The Front has vowed to compete in the next parliamentary elections, scheduled for the spring, as a coalition to challenge the machine of the Muslim Brotherhood. But Egyptian observers all suggest that because of its nationwide appeal, particularly in conservative rural areas, the Muslim Brotherhood – and the extremist Salafists who could number seven million in a country of 82 million – would win any election.
"One of the biggest problems is that the opposition is completely fragmented," says Mahmoud Karem, who was secretary-general of the country's human rights council from 2010 until his resignation last month. He was kept in his post by the Muslim Brotherhood.
Dr Karem remains concerned about the lack of clear human rights provisions in the constitution. "There's a great deal of worry about the rights of women, children, and Copts [the Christian minority which has fallen victim to a series of sectarian attacks].
He says that "the key to the survivability of the regime" is whether Mr Morsi will agree to amend the constitution in response to the political furore it generated. The continuing unrest reflects what Mr Karem calls the "horrible polarisation" of society, between the Islamists and the secular liberals. "There is a lack of trust."
But there have been concrete economic consequences from the uncertainty: in addition to the collapse of tourism, the Egyptian pound has sharply declined in value. Five billion dollars in foreign investments have been pulled out of Egypt over the past six months.
The government is still trying to negotiate a $4.8bn loan with the International Monetary Fund, but Egyptians know that any deal will result in higher prices, and the reduction of state subsidies, affecting the majority who live under the poverty line. One of Mr Morsi's more notable U-turns was to announce tax increases on commodities and services last month only to annul them hours later. "The government doesn't know the right course to correct the economic policy," says Dr Saif. Some Egyptians who voted for the Muslim Brotherhood believe that the government's economic policy is not Islamic enough. The movement was originally opposed to an IMF loan then changed its mind. "It's business as usual," complains a former supporter of the movement, who declined to be identified. "They won't challenge American hegemony. They talk about Sharia but the policies don't follow. They just have slogans."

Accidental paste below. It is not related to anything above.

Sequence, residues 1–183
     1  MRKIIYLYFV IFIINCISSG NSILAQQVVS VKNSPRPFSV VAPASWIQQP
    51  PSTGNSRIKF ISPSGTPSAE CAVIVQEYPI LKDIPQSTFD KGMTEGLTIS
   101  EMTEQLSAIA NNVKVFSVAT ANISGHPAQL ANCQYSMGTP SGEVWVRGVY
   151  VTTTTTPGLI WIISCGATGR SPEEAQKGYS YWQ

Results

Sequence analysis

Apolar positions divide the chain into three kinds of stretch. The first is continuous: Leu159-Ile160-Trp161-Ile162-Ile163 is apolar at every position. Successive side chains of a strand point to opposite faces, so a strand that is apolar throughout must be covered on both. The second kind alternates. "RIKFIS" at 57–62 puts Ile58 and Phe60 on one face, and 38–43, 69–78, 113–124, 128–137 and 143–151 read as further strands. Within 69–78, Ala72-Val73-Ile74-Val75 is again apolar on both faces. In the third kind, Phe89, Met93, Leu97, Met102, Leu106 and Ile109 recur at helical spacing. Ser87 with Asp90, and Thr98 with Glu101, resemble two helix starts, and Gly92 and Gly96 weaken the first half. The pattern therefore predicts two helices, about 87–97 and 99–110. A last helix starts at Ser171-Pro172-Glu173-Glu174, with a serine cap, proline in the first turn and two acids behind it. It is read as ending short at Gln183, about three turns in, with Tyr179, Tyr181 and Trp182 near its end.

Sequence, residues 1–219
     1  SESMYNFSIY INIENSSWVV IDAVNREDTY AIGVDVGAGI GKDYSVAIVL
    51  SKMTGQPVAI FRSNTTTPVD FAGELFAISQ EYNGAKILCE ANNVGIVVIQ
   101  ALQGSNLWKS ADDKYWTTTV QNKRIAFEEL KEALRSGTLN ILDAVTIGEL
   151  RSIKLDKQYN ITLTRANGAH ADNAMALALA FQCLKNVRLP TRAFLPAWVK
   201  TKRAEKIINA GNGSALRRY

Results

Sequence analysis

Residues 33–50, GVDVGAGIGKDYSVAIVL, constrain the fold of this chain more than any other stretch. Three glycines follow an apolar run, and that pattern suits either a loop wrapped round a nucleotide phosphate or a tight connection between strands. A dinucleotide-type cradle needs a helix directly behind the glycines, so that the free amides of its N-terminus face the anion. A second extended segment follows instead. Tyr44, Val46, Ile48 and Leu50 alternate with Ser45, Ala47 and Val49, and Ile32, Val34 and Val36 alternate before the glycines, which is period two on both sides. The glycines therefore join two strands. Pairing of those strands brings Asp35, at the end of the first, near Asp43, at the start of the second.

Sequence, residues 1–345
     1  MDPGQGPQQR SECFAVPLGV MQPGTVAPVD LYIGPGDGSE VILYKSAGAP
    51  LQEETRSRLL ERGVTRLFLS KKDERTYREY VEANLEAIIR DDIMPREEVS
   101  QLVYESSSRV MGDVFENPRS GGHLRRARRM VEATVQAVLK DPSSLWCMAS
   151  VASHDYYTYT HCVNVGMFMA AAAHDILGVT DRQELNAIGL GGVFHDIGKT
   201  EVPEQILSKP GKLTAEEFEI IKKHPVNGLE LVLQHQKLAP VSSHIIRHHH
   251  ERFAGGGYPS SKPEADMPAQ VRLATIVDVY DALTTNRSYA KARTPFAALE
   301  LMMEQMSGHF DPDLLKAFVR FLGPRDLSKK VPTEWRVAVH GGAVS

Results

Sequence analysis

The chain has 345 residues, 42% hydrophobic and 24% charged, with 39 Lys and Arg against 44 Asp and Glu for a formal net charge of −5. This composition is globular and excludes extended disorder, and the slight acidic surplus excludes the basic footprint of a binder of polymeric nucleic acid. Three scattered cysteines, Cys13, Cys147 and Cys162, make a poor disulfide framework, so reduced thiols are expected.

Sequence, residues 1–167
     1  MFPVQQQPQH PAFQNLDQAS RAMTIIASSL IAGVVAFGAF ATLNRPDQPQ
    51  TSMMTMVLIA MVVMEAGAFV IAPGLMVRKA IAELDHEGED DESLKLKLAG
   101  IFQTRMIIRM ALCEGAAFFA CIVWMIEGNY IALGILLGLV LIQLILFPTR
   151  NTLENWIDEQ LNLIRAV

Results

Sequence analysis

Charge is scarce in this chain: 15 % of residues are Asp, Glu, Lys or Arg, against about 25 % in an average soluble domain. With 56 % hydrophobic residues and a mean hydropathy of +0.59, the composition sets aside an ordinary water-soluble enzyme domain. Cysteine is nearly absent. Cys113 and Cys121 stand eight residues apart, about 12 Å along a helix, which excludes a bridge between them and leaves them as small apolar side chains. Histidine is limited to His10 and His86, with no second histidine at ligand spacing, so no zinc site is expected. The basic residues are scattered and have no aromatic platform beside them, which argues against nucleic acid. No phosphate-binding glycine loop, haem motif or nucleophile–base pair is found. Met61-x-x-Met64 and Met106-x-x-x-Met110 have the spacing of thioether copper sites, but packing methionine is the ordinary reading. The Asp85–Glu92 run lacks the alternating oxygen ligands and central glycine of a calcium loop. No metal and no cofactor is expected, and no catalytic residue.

What happens next? Right now, they are worried about the next two days, with fears rising about further violence. With the once-hated police now described by Egyptians as being "on holiday", people have taken security into their own hands.
Ali, the doctor, keeps a Browning automatic in his house in a gated compound in a wealthy Cairo suburb. "Everybody's armed to the teeth," he says. Where do the weapons come from? Libya, of course.
Egypt's key players
The deposed president was sentenced to life imprisonment in June last year for ordering the killings of pro-democracy protesters during the uprising, but the ruling was overturned earlier this month. A new trial is expected to commence in April.
Mubarak’s former interior minister was also sentenced to life imprisonment for his role in the bloodshed, but the ruling was similarly overturned. He is also serving a separate 12-year jail sentence for corruption.
Alaa and Gamal Mubarak
Corruption charges against Hosni Mubarak’s sons were dropped in June 2012. The judge said “the case had lapsed” because the alleged crime took place more than 10 years ago.
The former secretary-general of Mubarak’s National Democratic Party (NDP) was accused of masterminding the assault on Tahrir Square protesters on 2 February 2011 which left several protesters dead. He was acquitted in October, along with 23 other former senior officials. He faces separate corruption charges.
The former information minister and close Mubarak aide has been blamed for the spread of false information about protesters in the early days of the uprising. He was convicted of misusing public funds in 2011 and sentenced to seven years in prison. The ruling was overturned, and an appeal is underway.